The sorry state of Android updates

With Samsung’s announcement that Galaxy S II owners will not in fact be getting their Ice Cream Sandwich updates today as previously stated by one of their websites, the age-old discussion regarding Android updates, skinning and fragmentation has returned to the fore. Android 4.0, codenamed Ice Cream Sandwich and referred to as ICS, was confirmed on way back on October 15th of last year, the same day that this very website launched, yet now, almost 5 months later, only a small handful of devices from major manufacturers have either launched with or been updated to Google’s latest and greatest operating system. Why is this the case, and what can be done to help the situation?

Take a look at this graphic, taken from the Android website, which shows the versions of Android which have accessed the Android Market Google Play in the two weeks leading up to March 5th.

Just 1.6% of Android devices are running the latest version of the software. A comprehensive list of devices that have either shipped with or been officially updated to Ice Cream Sandwich is below. Please note that this does not include devices that have been announced but not shipped.

  • Archos G9
  • Asus Eee Pad Transformer
  • Asus Eee Pad Transformer Prime
  • HTC Sensation
  • HTC Sensation XE
  • Motorola Xoom
  • Samsung Galaxy Nexus
  • Samsung Nexus S

Firstly, some of the blame has to be placed on Google. The OEMs do not get access to the source code until it is publicly released, with the exemption of the partner making the flagship Nexus device, such as Samsung’s Galaxy Nexus, announced alongside Ice Cream Sandwich at a press conference in Hong Kong last year. While Google should want the Nexus phones to succeed and have an advantage over other handsets on the market at the time of release, I believe that major manufacturers such as HTC, Sony, Samsung and Google’s own subsidiary Motorola should get early access to the source code, so that handsets and devices can get the latest software promptly after it is unleashed upon the world. It is wrong to go into a store at this stage and see just one device, the Galaxy Nexus, sporting up-to-date software.

We must never forget the manufacturers themselves, as they too delay updates for a number of reasons. Firstly, they already have your money and, as such, there is little benefit to them if they spend time and money preparing software updates for phones. This raises a whole load of questions regarding the state of customer service in the 21st century, but those are for another day. An example of this kind of neglect is Samsung, with the Galaxy S. Late last year, the Korean company confirmed that they would not update the phone, the second biggest selling Android device of all time, to Ice Cream Sandwich. Their excuse? TouchWiz and Ice Cream Sandwich can’t live together on the ROM. Why not just get rid of the crappy skin which users hate?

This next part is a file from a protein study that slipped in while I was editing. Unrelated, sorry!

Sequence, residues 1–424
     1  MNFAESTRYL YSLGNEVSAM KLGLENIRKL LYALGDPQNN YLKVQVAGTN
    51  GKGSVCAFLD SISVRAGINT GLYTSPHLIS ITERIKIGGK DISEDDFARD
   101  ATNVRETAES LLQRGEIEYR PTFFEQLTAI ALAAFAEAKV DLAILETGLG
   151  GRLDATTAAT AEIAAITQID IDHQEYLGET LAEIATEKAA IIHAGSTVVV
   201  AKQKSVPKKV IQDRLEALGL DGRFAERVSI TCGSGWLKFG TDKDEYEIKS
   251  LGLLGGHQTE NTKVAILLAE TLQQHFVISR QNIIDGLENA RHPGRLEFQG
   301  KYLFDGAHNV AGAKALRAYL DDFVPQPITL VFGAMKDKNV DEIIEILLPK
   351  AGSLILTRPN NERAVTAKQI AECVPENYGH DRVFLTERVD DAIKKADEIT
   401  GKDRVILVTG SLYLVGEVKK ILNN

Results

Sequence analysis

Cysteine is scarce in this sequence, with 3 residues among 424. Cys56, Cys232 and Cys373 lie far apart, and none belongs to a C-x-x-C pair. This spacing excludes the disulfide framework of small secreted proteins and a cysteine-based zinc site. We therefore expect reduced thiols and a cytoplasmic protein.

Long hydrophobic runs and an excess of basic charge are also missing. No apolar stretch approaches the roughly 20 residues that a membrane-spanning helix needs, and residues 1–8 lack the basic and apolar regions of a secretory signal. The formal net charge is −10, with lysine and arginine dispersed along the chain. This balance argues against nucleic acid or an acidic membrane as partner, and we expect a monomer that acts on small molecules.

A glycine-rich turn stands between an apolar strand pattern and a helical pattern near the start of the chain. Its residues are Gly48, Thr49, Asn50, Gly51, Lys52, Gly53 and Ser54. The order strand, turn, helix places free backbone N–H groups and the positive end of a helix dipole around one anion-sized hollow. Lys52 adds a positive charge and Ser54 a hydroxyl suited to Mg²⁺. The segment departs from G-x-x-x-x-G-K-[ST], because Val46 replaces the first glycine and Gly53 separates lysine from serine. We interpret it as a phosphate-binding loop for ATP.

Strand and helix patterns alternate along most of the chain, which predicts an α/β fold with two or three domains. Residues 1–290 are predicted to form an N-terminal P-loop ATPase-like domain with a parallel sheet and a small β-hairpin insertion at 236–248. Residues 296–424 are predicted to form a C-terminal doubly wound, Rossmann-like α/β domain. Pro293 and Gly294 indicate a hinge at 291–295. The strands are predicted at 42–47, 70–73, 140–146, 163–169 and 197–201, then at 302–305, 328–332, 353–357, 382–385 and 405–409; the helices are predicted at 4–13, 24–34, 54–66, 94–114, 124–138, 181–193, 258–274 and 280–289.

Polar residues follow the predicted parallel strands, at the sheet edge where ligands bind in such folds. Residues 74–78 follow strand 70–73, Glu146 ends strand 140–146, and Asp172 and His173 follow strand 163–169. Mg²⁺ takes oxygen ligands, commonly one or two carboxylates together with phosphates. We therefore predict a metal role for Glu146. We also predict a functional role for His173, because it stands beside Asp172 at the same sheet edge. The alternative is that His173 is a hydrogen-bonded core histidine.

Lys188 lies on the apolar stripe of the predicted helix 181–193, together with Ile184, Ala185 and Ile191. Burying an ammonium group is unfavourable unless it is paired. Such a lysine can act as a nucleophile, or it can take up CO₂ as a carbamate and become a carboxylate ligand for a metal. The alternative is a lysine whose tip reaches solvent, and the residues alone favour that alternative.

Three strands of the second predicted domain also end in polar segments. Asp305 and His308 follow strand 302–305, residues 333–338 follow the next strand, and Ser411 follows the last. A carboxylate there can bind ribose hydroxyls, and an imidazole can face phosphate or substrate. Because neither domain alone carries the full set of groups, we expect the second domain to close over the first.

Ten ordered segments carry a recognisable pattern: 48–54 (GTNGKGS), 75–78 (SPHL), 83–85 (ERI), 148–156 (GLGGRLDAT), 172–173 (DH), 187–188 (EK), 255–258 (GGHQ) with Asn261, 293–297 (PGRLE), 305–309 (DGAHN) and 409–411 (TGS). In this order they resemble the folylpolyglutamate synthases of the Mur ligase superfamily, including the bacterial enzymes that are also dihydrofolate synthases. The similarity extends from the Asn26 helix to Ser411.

Of course, manufacturers feel that they have to stick their bloated skins on top of Android, and updates get delayed to ensure that this is the case. Take LG for example. At Mobile World Congress 2 weeks ago, they unveiled a host of new Android devices – the Optimus L3, Optimus L5, Optimus L7, Optimus 3D Max, Optimus 4X HD and the Optimus Vu phablet. Of these, half are scheduled to launch with Gingerbread, and only the L7, L5 and 4X HD are guaranteed to have Ice Cream Sandwich. As for the rest, LG issued a vague timeframe for updates of later this year. Considering that they have no plans to update their existing phones until Q2 or even Q3 at the earliest, I wouldn’t hold out much hope of this ever happening. If such an update actually does come, the community will probably have Jelly Bean stable on the handsets. LG’s excuse? A combination of the skin and the fact that they seemingly don’t care about consumers – a statement that can be applied to almost all Android manufacturers. This infographic, made last year by Michael DeGusta of The Understatement, shows just how slow these updates can be, especially compared to iOS.

Across the internet, I have seen people complaining about the update situation, only to be told to buy a Nexus phone and have all their problems solved, but this argument is ridiculously stupid. The beauty of Android is the wide variety of handsets, tailored to suit every need. To be told that, in order to be certain to get the latest software officially, you have to buy a certain device, takes away this beauty. If I wanted that kind of situation, where I no choice in form factor in exchange for a guarantee to get updates, I’d buy an iPhone. Take the Galaxy Nexus, for instance. At 4.65″, it is way too big for me. I think the design is horrible in comparison to some other smartphones, the rear camera is, for such a high-end device, sub-par for the course, and Samsung’s incessant use of flimsy plastics mean that I would never even consider buying one. If I want to get an Android phone with almost a guarantee of an update however, I have no other choice. This is not on.